The English humourists of the eighteenth century: a series of lectures, delivered in England, Scotland, and the United States of America

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Smith, Elder, 1853 - Humor - 360 pages
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Page 196 - Like Cato, give his little senate laws, And sit attentive to his own applause ; While wits and templars every sentence raise, And wonder with a foolish face of praise ; Who but must laugh if such a man there be ? Who would not weep if Atticus were he? What though my name stood rubric on the walls, Or plaster'd posts, with claps, in capitals ? Or smoking forth, a hundred hawkers...
Page 196 - Peace to all such! but were there one whose fires True genius kindles, and fair fame inspires; Blest with each talent, and each art to please, And born to write, converse, and live with ease: Should such a man, too fond to rule alone, Bear, like the Turk, no brother near the throne...
Page 300 - In all my wanderings round this world of care, In all my griefs, — and God has given my share, — I still had hopes, my latest hours to crown, Amidst these humble bowers to lay me down ; To husband out life's taper at the close, And keep the flame from wasting by repose.
Page 143 - When I look upon the tombs of the great, every emotion of envy dies in me ; when I read the epitaphs of the beautiful, every inordinate desire goes out; when I meet with the grief of parents...
Page 300 - tis hard to combat, learns to fly! For him no wretches, born to work and weep, Explore the mine, or tempt the dangerous deep...
Page 143 - I meet with the grief of parents upon a tombstone, my heart melts with compassion ; when I see the tomb of the parents themselves, I consider the vanity of grieving for those whom we must quickly follow: when I see kings lying by those who deposed them, when I consider rival wits placed side by side, or the holy men that divided the world with their contests and disputes, I reflect with sorrow and astonishment on the little competitions, factions and debates of mankind.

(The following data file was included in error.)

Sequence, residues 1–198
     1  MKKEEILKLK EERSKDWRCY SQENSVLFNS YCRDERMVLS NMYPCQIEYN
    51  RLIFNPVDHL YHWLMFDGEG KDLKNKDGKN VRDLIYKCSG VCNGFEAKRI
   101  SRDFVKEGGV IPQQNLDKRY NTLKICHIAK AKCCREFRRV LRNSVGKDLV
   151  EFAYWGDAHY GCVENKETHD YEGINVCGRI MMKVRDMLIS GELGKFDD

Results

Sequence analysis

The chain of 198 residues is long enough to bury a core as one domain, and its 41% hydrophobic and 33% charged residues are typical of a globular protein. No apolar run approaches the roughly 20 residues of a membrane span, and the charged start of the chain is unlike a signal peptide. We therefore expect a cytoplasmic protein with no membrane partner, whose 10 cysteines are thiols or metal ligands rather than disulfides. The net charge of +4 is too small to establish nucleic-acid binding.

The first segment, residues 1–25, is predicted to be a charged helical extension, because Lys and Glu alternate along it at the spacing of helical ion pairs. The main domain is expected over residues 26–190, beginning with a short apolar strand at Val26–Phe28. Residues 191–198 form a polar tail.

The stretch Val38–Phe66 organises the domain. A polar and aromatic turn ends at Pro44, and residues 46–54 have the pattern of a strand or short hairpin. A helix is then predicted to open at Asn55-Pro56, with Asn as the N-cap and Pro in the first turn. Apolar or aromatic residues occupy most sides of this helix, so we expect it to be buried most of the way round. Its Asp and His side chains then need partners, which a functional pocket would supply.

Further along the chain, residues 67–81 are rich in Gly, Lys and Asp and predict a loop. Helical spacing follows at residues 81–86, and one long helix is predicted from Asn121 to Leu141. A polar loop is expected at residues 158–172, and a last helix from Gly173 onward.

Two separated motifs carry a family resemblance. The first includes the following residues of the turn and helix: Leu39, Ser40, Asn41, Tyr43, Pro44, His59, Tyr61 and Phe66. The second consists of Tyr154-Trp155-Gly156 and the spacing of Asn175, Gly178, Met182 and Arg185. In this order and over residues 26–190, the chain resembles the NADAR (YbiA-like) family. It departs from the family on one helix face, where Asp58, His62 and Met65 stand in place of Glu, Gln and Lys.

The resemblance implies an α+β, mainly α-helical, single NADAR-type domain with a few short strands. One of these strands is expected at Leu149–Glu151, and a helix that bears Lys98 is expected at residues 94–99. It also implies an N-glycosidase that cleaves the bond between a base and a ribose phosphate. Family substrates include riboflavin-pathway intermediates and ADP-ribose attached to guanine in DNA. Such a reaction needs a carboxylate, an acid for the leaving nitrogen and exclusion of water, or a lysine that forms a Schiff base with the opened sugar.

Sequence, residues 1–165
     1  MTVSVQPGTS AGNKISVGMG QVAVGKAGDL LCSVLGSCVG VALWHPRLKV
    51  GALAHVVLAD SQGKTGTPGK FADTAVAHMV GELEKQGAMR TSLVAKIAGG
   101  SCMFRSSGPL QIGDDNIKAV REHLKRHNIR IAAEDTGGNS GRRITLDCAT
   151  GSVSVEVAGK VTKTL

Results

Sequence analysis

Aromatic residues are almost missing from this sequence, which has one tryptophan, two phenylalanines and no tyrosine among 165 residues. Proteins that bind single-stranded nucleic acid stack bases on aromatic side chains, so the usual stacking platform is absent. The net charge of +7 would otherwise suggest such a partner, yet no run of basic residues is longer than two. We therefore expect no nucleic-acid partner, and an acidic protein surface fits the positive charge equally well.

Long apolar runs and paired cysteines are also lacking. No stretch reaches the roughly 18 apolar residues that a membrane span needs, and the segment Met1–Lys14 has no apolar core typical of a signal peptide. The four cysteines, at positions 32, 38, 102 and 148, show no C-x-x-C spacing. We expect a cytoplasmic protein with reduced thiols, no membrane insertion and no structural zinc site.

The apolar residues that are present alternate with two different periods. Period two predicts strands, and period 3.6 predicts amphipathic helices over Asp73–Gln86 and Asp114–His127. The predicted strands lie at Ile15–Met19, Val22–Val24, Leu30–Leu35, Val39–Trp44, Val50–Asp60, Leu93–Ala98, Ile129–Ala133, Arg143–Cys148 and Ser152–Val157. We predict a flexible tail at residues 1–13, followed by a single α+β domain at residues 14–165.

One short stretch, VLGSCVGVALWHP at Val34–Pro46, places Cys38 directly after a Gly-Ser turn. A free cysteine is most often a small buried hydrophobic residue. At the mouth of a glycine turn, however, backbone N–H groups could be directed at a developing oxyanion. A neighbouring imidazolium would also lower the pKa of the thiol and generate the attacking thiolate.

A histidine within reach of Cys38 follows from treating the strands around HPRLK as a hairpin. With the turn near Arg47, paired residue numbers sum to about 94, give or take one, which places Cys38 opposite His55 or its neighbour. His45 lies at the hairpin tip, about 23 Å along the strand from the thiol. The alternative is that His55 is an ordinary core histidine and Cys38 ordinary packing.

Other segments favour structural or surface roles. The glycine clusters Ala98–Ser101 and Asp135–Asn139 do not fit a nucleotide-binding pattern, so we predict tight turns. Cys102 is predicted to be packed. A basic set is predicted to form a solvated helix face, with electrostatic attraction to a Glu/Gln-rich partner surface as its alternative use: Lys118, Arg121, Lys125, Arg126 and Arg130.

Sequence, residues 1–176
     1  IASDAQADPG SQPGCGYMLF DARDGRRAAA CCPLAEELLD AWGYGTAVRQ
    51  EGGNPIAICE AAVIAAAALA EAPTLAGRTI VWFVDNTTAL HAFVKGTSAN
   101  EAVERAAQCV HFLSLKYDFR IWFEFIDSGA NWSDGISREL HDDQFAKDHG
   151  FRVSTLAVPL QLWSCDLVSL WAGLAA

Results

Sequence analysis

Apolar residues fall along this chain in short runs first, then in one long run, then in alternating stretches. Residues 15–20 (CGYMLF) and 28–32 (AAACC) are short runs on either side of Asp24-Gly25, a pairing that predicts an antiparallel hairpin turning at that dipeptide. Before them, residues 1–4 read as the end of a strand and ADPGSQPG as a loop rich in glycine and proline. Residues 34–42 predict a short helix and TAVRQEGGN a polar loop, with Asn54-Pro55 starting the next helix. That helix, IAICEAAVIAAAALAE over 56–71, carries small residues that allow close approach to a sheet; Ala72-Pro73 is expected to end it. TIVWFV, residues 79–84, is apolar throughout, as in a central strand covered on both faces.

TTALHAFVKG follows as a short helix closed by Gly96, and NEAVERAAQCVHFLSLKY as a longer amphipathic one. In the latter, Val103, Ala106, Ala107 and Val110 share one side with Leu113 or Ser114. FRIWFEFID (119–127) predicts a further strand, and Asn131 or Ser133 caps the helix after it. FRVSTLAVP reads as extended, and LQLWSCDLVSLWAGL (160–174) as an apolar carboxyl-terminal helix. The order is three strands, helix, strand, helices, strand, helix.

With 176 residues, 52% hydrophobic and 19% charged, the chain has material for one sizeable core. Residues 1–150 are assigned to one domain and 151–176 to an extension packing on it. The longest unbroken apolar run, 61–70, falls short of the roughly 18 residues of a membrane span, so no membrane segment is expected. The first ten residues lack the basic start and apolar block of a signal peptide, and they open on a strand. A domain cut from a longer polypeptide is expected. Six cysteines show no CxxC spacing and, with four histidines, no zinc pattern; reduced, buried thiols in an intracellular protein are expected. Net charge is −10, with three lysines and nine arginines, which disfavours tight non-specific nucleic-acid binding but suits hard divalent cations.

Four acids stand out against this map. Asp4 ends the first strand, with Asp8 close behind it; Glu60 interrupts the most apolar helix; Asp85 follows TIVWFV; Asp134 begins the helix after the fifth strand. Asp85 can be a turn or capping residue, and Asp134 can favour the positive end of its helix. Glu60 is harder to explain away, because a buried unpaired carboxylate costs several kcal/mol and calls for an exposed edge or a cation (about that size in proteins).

Page 101 - Soon as the evening shades prevail The moon takes up the wondrous tale, And nightly to the listening earth Repeats the story of her birth. Whilst all the stars that round her burn, And all the planets in their turn, Confirm the tidings as they roll, And spread the truth from pole to pole.
Page 32 - I have been assured by a very knowing American of my acquaintance in London that a young healthy child well nursed is at a year old a most delicious nourishing and wholesome food, whether stewed, roasted, baked, or boiled; and I make no doubt that it will equally serve in a fricassee or a ragout.
Page 33 - A child will make two dishes at an entertainment for friends, and when the family dines alone, the fore or hind quarter will make a reasonable dish...
Page 78 - I live a rent-charge on his providence. But you, whom every Muse and Grace adorn, Whom I foresee to better fortune born, Be kind to my remains ; and, oh defend, Against your judgment, your departed friend! Let not the insulting foe my fame pursue, But shade those laurels which descend to you : And take for tribute what these lines express ; You merit more, nor could my love do less.